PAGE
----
Starbucks is in hot water once again after a barista at a location in Tempe, Arizona, asked six police officers who had ordered drinks to leave or get out of sight because they were making customers “feel uncomfortable.”
Unsurprisingly, the incident did not go over well with the local police department, which issued a statement that characterized the situation as “disheartening” and “offensive,” but “all too common in 2019.”
Starbucks executive VP Rossann Williams issued a statement of her own, saying, “[The officers] should have been welcomed and treated with dignity and the utmost respect by our partners (employees). Instead, they were made to feel unwelcome and disrespected, which is completely unacceptable.” Accordingly, the company will take “the necessary steps to ensure this doesn’t happen again in the future.”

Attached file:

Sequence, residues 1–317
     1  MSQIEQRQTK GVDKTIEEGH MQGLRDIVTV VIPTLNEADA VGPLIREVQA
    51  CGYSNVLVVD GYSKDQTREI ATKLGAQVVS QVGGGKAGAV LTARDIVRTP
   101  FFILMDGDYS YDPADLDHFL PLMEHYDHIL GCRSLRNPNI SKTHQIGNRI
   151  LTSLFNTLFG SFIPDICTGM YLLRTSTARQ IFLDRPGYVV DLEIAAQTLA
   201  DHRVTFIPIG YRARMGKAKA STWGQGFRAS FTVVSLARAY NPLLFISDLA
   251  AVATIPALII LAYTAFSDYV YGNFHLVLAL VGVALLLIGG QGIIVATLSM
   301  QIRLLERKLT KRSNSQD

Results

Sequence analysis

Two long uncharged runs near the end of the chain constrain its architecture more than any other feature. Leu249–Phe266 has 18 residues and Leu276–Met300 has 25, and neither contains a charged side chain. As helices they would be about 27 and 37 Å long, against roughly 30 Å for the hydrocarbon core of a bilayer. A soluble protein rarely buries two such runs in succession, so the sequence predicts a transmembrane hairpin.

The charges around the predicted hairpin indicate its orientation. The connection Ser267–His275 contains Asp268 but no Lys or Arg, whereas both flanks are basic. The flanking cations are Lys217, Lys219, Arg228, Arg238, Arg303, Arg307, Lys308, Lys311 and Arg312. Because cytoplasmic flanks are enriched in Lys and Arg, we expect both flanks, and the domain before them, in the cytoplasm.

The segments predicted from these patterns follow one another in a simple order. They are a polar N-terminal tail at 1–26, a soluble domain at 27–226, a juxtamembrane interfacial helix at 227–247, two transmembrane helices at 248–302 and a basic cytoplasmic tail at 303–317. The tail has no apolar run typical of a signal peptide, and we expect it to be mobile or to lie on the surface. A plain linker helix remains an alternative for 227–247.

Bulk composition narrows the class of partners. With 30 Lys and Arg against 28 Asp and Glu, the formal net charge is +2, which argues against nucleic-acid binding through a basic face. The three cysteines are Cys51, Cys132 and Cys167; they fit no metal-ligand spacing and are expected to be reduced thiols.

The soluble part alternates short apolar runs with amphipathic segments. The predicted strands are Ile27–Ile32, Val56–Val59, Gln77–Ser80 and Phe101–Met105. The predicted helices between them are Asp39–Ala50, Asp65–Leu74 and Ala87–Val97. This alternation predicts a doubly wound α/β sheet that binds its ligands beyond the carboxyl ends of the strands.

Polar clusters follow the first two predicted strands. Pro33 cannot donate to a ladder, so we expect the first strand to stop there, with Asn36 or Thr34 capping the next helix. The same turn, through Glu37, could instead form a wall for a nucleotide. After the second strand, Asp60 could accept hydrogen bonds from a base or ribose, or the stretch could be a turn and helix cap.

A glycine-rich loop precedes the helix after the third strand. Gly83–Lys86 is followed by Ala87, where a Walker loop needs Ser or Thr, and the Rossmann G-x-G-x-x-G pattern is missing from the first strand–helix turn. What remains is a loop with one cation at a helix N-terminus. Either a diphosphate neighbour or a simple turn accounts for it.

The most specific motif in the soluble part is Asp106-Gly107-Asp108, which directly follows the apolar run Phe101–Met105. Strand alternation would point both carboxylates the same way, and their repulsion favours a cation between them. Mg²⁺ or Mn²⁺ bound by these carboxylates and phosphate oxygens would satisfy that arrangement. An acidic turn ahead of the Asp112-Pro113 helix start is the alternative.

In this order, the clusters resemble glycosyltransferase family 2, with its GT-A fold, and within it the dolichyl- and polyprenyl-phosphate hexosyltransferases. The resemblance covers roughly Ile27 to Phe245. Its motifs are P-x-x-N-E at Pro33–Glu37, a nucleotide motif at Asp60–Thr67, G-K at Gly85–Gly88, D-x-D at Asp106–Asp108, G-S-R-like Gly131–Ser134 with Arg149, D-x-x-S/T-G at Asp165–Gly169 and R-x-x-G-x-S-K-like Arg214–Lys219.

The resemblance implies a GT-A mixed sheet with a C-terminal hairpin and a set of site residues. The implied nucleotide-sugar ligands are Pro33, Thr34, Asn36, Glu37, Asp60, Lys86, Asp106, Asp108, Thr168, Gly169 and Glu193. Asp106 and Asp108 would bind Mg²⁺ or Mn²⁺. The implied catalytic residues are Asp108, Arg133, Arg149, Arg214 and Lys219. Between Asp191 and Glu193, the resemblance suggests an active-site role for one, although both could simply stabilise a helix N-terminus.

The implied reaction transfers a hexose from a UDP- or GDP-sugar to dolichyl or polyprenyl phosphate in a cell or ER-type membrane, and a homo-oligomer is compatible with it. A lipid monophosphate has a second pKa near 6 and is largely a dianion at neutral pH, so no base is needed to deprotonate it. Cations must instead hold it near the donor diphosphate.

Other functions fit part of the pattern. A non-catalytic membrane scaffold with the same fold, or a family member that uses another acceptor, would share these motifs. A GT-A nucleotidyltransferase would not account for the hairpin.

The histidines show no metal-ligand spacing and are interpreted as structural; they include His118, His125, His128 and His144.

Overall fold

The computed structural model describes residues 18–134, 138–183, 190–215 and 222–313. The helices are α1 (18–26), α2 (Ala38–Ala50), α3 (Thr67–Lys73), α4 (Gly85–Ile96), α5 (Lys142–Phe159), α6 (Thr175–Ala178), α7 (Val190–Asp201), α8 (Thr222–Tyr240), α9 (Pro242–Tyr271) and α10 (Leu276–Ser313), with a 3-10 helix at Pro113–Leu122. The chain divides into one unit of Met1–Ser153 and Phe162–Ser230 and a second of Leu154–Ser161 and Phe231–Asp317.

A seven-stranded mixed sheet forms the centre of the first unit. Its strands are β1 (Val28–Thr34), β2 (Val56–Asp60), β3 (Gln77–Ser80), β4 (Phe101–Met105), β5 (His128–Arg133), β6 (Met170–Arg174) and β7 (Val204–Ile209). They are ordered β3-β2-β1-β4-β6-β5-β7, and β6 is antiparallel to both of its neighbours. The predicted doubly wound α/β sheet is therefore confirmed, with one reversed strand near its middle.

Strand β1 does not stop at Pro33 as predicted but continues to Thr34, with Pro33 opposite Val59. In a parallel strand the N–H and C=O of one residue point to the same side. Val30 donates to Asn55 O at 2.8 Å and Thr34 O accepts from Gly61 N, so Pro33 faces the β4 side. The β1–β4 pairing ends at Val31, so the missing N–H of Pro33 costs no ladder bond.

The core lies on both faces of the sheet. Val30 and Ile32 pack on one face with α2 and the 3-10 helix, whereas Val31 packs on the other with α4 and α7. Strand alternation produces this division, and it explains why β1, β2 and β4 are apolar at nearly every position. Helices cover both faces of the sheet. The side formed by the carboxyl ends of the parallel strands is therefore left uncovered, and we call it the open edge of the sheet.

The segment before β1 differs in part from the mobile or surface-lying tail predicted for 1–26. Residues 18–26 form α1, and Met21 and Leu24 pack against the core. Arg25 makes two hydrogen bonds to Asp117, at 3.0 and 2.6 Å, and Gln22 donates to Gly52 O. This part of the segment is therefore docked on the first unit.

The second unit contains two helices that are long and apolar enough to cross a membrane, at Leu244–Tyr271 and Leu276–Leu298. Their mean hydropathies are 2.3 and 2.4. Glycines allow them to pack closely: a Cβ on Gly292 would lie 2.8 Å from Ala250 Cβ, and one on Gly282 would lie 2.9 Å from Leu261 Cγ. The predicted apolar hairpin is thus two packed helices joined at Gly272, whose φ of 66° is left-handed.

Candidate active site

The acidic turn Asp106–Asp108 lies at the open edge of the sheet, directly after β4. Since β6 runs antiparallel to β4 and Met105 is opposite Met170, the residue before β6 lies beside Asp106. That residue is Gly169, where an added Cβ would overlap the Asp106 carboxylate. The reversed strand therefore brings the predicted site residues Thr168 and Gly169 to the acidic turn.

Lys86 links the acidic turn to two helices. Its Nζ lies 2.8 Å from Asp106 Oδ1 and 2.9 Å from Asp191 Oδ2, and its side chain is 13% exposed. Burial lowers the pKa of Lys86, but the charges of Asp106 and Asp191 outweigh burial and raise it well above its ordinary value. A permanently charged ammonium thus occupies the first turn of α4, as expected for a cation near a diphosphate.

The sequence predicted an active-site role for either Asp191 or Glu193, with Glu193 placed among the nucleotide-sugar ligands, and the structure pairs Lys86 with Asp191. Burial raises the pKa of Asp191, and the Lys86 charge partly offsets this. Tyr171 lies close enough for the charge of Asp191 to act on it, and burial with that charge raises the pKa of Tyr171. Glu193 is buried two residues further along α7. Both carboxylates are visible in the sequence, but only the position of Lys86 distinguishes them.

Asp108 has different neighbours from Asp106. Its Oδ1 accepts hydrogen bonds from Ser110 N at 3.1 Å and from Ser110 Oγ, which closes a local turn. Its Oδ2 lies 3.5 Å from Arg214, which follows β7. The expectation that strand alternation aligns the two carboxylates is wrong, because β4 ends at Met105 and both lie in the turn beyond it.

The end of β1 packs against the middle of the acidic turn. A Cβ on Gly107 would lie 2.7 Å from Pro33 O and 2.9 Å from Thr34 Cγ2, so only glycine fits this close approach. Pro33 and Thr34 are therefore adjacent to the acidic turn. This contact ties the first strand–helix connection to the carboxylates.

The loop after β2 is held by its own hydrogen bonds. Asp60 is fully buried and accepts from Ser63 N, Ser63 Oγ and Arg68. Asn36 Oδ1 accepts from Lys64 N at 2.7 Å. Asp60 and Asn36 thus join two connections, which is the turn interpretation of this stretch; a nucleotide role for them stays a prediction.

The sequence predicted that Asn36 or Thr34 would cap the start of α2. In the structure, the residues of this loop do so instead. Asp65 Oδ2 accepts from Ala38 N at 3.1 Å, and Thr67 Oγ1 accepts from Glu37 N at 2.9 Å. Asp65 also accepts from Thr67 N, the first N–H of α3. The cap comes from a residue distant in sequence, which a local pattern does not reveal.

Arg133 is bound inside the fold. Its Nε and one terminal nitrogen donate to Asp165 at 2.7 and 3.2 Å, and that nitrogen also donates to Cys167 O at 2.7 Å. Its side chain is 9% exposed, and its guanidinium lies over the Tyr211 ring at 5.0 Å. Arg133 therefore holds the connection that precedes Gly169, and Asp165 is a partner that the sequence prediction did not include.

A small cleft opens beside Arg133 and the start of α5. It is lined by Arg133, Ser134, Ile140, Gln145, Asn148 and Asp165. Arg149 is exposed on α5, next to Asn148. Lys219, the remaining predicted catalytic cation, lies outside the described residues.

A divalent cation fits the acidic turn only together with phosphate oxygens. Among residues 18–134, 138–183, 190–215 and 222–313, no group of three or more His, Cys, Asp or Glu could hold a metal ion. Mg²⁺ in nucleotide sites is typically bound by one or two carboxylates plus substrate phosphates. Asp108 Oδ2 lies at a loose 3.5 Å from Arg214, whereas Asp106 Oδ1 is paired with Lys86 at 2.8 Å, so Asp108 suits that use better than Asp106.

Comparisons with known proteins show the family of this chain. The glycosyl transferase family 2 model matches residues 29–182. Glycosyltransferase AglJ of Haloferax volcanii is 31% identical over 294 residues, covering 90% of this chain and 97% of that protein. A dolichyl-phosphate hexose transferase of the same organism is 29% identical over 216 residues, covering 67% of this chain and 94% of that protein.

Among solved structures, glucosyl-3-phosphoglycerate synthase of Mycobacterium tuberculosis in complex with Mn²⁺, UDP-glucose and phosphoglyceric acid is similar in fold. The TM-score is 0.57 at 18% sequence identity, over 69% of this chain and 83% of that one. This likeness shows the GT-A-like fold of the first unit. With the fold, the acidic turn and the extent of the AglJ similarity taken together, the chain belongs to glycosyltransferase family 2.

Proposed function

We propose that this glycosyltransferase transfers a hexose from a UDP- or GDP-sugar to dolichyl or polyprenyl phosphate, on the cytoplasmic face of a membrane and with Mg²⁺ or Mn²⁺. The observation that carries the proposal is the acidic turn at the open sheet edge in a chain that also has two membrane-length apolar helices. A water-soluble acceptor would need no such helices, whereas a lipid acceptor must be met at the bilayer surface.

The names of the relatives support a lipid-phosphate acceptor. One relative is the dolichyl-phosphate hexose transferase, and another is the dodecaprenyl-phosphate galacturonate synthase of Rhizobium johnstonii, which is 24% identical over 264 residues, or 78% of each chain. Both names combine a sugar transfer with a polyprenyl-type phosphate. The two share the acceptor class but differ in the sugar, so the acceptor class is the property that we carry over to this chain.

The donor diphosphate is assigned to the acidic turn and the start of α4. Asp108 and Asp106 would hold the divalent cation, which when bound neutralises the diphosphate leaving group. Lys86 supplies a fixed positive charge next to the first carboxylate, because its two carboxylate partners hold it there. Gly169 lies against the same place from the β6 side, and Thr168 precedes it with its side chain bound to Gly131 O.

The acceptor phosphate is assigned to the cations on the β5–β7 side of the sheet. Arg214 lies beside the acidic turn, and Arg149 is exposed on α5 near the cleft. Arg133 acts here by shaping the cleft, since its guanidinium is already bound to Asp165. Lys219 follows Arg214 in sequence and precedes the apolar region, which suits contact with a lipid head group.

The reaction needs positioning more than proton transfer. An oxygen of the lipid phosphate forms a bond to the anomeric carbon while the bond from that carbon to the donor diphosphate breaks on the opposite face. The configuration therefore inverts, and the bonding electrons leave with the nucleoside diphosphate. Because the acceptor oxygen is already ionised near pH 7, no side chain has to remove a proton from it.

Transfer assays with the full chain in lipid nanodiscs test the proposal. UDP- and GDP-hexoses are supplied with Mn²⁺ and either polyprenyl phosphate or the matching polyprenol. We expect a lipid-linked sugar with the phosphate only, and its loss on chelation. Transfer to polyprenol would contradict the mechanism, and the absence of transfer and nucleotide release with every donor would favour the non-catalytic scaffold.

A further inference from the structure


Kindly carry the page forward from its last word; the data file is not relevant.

If Williams sounds like a broken record, it’s because Starbucks is no stranger to these kinds of controversies. Last spring, the chain weathered a massive PR storm after two black men at a Starbucks in Philadelphia were unjustly arrested for trespassing after being denied access to the bathroom. As a result, the company closed all 8,000 locations for a day of racial-bias training sessions and lifted its unofficial “customers only” bathroom policy.